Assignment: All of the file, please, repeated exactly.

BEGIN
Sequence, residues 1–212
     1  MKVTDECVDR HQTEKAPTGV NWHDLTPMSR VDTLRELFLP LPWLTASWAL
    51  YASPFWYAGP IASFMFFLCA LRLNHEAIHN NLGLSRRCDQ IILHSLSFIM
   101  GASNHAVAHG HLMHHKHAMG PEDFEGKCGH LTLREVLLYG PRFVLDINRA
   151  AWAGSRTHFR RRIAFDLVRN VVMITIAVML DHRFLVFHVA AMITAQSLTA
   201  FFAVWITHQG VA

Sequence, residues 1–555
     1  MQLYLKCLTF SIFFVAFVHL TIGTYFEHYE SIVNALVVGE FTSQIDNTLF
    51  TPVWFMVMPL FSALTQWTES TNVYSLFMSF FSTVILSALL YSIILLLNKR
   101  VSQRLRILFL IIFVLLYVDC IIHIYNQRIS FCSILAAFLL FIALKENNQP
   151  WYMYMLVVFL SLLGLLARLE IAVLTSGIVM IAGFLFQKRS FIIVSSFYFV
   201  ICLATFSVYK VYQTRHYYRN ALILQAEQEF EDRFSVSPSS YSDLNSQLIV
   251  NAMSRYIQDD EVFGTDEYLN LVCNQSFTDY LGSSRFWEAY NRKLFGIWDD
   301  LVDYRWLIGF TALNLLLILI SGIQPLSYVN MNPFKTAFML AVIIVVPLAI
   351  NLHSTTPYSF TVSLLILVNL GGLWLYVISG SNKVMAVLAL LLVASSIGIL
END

Sequence, residues 1–212
     1  MKVTDECVDR HQTEKAPTGV NWHDLTPMSR VDTLRELFLP LPWLTASWAL
    51  YASPFWYAGP IASFMFFLCA LRLNHEAIHN NLGLSRRCDQ IILHSLSFIM
   101  GASNHAVAHG HLMHHKHAMG PEDFEGKCGH LTLREVLLYG PRFVLDINRA
   151  AWAGSRTHFR RRIAFDLVRN VVMITIAVML DHRFLVFHVA AMITAQSLTA
   201  FFAVWITHQG VA

Sequence, residues 1–555
     1  MQLYLKCLTF SIFFVAFVHL TIGTYFEHYE SIVNALVVGE FTSQIDNTLF
    51  TPVWFMVMPL FSALTQWTES TNVYSLFMSF FSTVILSALL YSIILLLNKR
   101  VSQRLRILFL IIFVLLYVDC IIHIYNQRIS FCSILAAFLL FIALKENNQP
   151  WYMYMLVVFL SLLGLLARLE IAVLTSGIVM IAGFLFQKRS FIIVSSFYFV
   201  ICLATFSVYK VYQTRHYYRN ALILQAEQEF EDRFSVSPSS YSDLNSQLIV
   251  NAMSRYIQDD EVFGTDEYLN LVCNQSFTDY LGSSRFWEAY NRKLFGIWDD
   301  LVDYRWLIGF TALNLLLILI SGIQPLSYVN MNPFKTAFML AVIIVVPLAI
   351  NLHSTTPYSF TVSLLILVNL GGLWLYVISG SNKVMAVLAL LLVASSIGIL